It’s been several weeks since we left Uzbekistan and returned to the U.S., and given that I have worked on this post multiple times without publishing it, I feel like it has been hard to focus on anything other than working, visiting family, and having fun. Our time stateside is ending in about a week; although I don’t see how that could possibly be, the calendar speaks the truth.

I spent most of June studying political and economic tradecraft (PG140) at the Foreign Service Institute in Arlington, VA. I enjoyed the pol/econ course. It was a little extroverted for my taste, particularly the amount of public speaking and assignments.

Although it did teach me a lot, I found myself mentally and physically exhausted each day upon arriving back to my government housing. Aside from the demands of the job, the infection in my foot and my sore back slowed me down a lot more than I’d anticipated.

I’m more confident now that I can write to the State Department standard, manage high-level visits, deliver elevator briefings and foreign policy démarches, and generally fill the role of a political officer. But the tradecraft course also gave me an impression (and hopefully a false one) that this job is one in which only an extrovert could excel. Time will tell…

I had some time for medical appointments and consultations while in Washington, too. Although I was disappointed to learn that the infection in my toe has spread to the bone and requires eight weeks of antibiotics, it seems that I’m making progress towards not having a portion of my foot amputated. Once the infection is resolved, I should be able to restart my arthritis medication, which is my goal. I haven’t tried a shoe on my left foot for several months, so one of these days I’ll have to give it a try.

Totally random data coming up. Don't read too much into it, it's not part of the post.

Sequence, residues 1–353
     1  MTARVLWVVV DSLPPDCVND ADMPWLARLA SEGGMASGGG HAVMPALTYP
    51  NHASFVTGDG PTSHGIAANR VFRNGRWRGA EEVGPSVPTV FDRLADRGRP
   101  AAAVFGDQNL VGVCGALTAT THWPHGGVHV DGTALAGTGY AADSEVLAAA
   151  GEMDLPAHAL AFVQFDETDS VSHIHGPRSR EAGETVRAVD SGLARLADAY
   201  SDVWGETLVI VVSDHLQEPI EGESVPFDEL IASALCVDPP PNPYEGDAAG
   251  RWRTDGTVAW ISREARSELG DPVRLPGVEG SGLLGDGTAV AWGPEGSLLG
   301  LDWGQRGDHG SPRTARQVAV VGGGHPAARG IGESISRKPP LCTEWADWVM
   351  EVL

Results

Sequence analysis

Fortunately, spending almost four weeks in the DC area also provided some opportunities to get together with friends and former colleagues. There were drawn-out DC brunches, conspiratorial catching-up lunches on the FSI campus, and dinners ranging from casual backyard to reserved and upscale. There was also quite a bit of this:

I’m grateful for the access to good medical care, for all the time I got to spend with friends and colleagues in Virginia and DC, and for the excellent training to help prepare me for my next position. And also for the incredible options in food! There were many moments of, “I shouldn’t, but I’m going to, because… America.” 

And then… it was on to home leave.

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Sarah W Gaer

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